This is a great example of how experience teaches. My companion was a “sea level pilot,” who did all of his training — and flying — in the watery areas around Seattle. He was comfortable with water and low-lying lands, but he was fearful of the conditions that had taken the life of someone he knew very well. I was a desert pilot with most of my experience flying over dry land, much it in high density altitude situations, including more than 350 hours flying tours over the Grand Canyon at 7500 feet or higher. I was comfortable flying over most kinds of terrain at just about any altitude but very fearful of flying over water.

(Nowadays, I wear a PFD when doing any extended flying over water and require my passengers to do the same.)

Learn from Other People’s Mistakes

Back in the forum, I began wondering if the pilot who had started the thread was concerned because he’d lost someone close to him in a crash — much like my cross-country companion had. (That turned out not to be the case.) I said:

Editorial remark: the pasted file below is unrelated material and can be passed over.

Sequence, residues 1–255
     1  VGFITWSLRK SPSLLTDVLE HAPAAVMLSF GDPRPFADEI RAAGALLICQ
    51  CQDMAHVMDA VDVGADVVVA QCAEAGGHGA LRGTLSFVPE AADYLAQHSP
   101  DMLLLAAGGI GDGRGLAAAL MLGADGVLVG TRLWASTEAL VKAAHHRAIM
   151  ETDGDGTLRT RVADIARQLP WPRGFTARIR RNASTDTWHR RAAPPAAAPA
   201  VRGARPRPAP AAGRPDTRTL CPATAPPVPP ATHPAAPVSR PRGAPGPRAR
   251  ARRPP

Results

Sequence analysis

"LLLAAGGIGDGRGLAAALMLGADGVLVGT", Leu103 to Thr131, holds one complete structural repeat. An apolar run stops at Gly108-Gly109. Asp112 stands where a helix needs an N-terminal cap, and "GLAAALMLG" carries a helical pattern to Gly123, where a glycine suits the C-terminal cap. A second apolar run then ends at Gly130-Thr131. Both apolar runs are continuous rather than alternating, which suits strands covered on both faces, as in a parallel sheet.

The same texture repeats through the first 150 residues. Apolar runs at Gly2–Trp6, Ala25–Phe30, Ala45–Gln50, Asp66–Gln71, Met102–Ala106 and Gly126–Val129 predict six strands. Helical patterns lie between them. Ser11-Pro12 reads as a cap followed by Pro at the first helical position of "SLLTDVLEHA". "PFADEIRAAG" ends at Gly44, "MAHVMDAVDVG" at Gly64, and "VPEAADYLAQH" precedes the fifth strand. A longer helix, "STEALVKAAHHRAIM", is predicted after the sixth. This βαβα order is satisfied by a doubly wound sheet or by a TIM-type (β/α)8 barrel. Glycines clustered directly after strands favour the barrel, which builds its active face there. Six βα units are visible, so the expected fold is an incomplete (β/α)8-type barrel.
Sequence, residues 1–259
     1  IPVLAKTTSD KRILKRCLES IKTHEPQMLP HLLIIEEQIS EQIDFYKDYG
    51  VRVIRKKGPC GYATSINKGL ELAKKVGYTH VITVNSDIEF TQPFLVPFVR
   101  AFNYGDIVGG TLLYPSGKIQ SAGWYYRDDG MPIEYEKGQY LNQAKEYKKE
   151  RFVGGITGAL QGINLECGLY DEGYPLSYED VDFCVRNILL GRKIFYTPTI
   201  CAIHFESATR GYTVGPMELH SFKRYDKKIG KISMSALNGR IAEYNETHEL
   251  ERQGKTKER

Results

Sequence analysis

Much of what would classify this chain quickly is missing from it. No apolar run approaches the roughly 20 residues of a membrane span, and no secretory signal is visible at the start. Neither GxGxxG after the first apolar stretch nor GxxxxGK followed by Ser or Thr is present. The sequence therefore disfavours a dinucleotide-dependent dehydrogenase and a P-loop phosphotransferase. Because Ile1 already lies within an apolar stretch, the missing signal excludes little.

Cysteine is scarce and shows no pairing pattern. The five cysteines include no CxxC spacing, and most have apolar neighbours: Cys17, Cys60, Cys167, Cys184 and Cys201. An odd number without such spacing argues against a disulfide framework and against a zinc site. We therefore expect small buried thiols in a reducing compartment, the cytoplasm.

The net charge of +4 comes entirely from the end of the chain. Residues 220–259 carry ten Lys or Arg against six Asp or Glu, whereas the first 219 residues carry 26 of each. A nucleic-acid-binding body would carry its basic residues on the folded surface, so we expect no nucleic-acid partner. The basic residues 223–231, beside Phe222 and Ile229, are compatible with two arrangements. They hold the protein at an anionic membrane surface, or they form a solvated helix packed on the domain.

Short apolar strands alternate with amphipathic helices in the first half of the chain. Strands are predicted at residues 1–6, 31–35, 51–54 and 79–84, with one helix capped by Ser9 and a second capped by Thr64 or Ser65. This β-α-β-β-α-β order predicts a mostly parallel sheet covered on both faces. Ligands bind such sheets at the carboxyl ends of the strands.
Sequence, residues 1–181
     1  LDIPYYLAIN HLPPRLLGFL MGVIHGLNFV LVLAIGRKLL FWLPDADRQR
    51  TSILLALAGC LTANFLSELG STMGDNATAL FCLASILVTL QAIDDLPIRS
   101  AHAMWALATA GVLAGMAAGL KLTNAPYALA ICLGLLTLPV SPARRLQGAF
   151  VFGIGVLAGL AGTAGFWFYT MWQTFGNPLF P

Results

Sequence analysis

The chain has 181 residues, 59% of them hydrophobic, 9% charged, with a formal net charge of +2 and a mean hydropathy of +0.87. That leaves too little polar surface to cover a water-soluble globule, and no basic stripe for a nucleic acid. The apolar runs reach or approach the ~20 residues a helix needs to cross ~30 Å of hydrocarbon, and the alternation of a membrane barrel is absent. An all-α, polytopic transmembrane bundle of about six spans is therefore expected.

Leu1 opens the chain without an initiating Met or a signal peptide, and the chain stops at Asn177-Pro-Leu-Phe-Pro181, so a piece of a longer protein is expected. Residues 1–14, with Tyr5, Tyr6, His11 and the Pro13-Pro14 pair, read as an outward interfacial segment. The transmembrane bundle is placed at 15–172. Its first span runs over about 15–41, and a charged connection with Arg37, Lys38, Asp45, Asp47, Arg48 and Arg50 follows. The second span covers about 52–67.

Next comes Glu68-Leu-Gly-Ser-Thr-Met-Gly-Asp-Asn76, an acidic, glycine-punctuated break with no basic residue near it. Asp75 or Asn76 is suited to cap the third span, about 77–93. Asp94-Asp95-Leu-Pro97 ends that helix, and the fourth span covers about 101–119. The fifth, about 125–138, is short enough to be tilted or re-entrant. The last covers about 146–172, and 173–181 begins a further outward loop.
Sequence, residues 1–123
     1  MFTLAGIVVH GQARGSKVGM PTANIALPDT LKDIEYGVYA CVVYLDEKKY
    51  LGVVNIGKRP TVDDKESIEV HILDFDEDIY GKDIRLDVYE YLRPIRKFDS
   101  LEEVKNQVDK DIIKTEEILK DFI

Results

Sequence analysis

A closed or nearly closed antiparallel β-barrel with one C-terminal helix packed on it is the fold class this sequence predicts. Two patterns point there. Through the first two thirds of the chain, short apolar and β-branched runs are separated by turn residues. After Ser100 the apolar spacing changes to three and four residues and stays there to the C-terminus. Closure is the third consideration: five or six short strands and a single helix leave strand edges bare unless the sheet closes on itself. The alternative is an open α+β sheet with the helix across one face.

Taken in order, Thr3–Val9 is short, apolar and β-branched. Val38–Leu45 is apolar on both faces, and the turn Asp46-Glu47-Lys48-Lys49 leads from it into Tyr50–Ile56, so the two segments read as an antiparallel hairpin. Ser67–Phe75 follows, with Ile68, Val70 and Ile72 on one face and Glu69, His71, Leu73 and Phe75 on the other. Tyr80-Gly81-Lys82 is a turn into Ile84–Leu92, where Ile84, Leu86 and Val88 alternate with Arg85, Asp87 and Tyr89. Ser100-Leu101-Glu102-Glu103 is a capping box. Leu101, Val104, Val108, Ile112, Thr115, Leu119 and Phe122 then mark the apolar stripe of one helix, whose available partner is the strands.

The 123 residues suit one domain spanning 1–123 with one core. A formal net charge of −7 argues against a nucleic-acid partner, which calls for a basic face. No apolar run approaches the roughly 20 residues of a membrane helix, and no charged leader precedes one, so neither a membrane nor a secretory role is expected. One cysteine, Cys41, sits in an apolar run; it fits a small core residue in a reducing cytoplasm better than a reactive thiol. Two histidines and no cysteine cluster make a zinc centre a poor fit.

If a person thinks too much about the danger of ANYTHING, they won’t be comfortable doing it. I admit that I don’t concern myself with it. I do everything I can to fly safely and maintain a safe aircraft. I’m confident in my abilities and never push the envelope of comfort more than I absolutely need to. I don’t fly around thinking that at any moment, something bad could happen. If I did, I’d hate flying and I’d likely be a horrible pilot.

Later, in the same post, I said:

You might also consider reading NTSB reports for helicopter accidents. What you’ll find is that most accidents are caused by pilot errors. REALLY. Reading those reports will help you learn what mistakes others have made so you’ll avoid them in the future.

He saw these two comments as conflicting and replied that I couldn’t really say that I wasn’t concerned with danger if I was reading accident reports.

My response was: